If the moving party meets its initial responsibility, the burden then shifts to the opposing party to establish that a genuine issue as to any material fact actually does exist. See Matsushita Elec. Indus. Co. v. Zenith Radio Corp., 475 U.S. 574, 586, 106 S. Ct. 1348, 1356 (1986). In attempting to establish the existence of this factual dispute, the opposing party may not rely upon the allegations or denials of its pleadings but is required to tender evidence of specific facts in the form of affidavits, and/or admissible discovery material, in support of its contention that the dispute exists. See Fed. R. Civ. P. 56(e); Matsushita, 475 U.S. at 586 n.11, 106 S. Ct. at 1356 n. 11. The opposing party must demonstrate that the fact in contention is material, i.e., a fact that might affect the outcome of the suit under the governing law, see Anderson v. Liberty Lobby, Inc., 477 U.S. 242, 248, 106 S. Ct. 2505, 2510 (1986); T.W. Elec. Serv., Inc. v. Pacific Elec. Contractors Ass'n, 809 F.2d 626, 630 (9th Cir. 1987), and that the dispute is genuine, i.e., the evidence is such that a reasonable jury could return a verdict for the nonmoving party, see Wool v. Tandem Computers, Inc., 818 F.2d 1433, 1436 (9th Cir. 1987).

In the endeavor to establish the existence of a factual dispute, the opposing party need not establish a material issue of fact conclusively in its favor. It is sufficient that "the claimed factual dispute be shown to require a jury or judge to resolve the parties' differing versions of the truth at trial." T.W. Elec. Serv., 809 F.2d at 631. Thus, the "purpose of summary judgment is to 'pierce the pleadings and to assess the proof in order to see whether there is a genuine need for trial.'" Matsushita, 475 U.S. at 587, 106 S. Ct. at 1356 (quoting Fed. R. Civ. P. 56(e) advisory committee's note on 1963 amendments).

In resolving the summary judgment motion, the court examines the pleadings, depositions, answers to interrogatories, and admissions on file, together with the affidavits, if any. Fed. R. Civ. P. 56(c). The evidence of the opposing party is to be believed. See Anderson, 477 U.S. at 255. All reasonable inferences that may be drawn from the facts placed before the court must be drawn in favor of the opposing party. See Matsushita, 475 U.S. at 587, 106 S. Ct. at 1356. Nevertheless, inferences are not drawn out of the air, and it is the opposing party's obligation to produce a factual predicate from which the inference may be drawn. See Richards v. Nielsen Freight Lines, 602 F. Supp. 1224, 1244-45 (E.D. Cal. 1985), aff'd, 810 F.2d 898, 902 (9th Cir. 1987). Finally, to demonstrate a genuine issue, the opposing party "must do more than simply show that there is some metaphysical doubt as to the material facts . . . . Where the record taken as a whole could not lead a rational trier of fact to find for the nonmoving party, there is no 'genuine issue for trial.'" Matsushita, 475 U.S. at 587, 106 S. Ct. at 1356 (citation omitted).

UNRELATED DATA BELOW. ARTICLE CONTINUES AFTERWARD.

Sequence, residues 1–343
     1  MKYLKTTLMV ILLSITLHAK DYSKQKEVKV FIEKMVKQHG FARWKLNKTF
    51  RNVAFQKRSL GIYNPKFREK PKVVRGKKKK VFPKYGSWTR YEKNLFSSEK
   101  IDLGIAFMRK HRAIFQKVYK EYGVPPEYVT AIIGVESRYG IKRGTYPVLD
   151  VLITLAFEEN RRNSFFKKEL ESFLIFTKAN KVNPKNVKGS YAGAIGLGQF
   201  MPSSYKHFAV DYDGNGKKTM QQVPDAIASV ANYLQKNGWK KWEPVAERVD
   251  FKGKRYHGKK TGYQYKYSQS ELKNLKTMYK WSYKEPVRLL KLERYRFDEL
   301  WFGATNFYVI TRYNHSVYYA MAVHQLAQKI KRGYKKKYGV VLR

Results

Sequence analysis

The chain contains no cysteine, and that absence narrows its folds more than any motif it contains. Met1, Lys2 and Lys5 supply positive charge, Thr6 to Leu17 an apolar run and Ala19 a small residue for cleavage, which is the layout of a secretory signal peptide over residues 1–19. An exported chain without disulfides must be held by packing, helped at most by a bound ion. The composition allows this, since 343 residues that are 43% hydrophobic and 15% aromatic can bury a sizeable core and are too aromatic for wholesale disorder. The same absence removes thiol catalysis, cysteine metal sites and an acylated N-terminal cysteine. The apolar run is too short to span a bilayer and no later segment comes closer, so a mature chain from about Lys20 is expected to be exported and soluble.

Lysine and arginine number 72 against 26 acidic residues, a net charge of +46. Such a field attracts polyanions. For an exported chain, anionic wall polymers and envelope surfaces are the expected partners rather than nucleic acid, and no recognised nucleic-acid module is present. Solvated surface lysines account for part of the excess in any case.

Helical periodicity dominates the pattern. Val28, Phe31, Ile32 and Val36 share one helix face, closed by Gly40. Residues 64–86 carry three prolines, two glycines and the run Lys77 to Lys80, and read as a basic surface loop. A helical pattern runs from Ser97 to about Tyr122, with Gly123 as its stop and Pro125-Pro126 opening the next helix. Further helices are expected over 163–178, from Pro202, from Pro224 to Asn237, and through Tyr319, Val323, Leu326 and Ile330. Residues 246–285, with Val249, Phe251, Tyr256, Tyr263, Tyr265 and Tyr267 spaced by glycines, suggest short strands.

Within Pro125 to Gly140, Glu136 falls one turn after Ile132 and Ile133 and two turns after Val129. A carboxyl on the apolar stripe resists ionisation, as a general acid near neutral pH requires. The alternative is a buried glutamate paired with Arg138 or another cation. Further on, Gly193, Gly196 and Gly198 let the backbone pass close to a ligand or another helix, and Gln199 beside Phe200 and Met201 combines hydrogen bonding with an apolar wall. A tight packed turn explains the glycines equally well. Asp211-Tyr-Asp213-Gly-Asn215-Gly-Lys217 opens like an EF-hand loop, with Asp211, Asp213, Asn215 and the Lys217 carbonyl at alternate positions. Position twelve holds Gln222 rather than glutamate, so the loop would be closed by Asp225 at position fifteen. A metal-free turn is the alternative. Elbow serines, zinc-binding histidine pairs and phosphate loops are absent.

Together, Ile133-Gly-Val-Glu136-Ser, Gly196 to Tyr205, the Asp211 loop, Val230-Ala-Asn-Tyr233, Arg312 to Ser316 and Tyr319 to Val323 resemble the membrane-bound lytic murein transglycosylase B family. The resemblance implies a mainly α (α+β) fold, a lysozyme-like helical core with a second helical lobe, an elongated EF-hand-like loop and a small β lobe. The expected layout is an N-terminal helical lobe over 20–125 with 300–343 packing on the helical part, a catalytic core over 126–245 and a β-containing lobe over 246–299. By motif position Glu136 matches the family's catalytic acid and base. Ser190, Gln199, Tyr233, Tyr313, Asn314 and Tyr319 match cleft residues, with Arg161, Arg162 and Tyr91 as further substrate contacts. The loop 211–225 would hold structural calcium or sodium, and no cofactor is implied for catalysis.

Equal Protection

As noted above, the undersigned has recommended granting defendant's motion for judgment on the pleadings as to plaintiff's equal protection claims.

Retaliation

As noted above, the undersigned recommends denying defendant's motion for judgment on the retaliation claims.

However, plaintiff is not entitled to summary judgment on the retaliation claim, because he has failed to establish that his January 2007 refusal was the "motivating or substantial factor" for the alleged retaliation. See Brodheim v. Cry, 584 F.3d at 1271. The affidavits of Garbutt, Estep, and Mooneyham establish, at best, that plaintiff has trained other inmates, that other inmates have been promoted from their positions, that plaintiff is able to work at "B" skill level, and that defendant has told a leadman that plaintiff will "get nothing." None indicate that a higher level position for which plaintiff is qualified has opened since May 2007 and that defendant has intentionally denied plaintiff a promotion to the higher-level position because plaintiff refused to drop his 2007 appeal. Because the record includes no direct "evidence of a retaliatory motive," but only one possible inference where in the context of plaintiff as the moving party inferences are drawn in favor of defendant, plaintiff's motion for summary judgment should accordingly be denied as to the retaliation claim.

Accordingly, IT IS HEREBY RECOMMENDED that:

1. Plaintiff's motion for summary judgment (Doc. No. 48) be denied;

2. Defendants' motion for judgment on the pleadings (Doc. No. 47) be granted in part and denied in part leaving only a retaliation claim at issue.

These findings and recommendations are submitted to the United States District Judge assigned to the case, pursuant to the provisions of 28 U.S.C. § 636(b)(l). Within fourteen days after being served with these findings and recommendations, any party may file written objections with the court and serve a copy on all parties. Such a document should be captioned "Objections to Magistrate Judge's Findings and Recommendations." Any reply to the objections shall be served and filed within seven days after service of the objections. The parties are advised that failure to file objections within the specified time may waive the right to appeal the District Court's order. Martinez v. Ylst, 951 F.2d 1153 (9th Cir. 1991).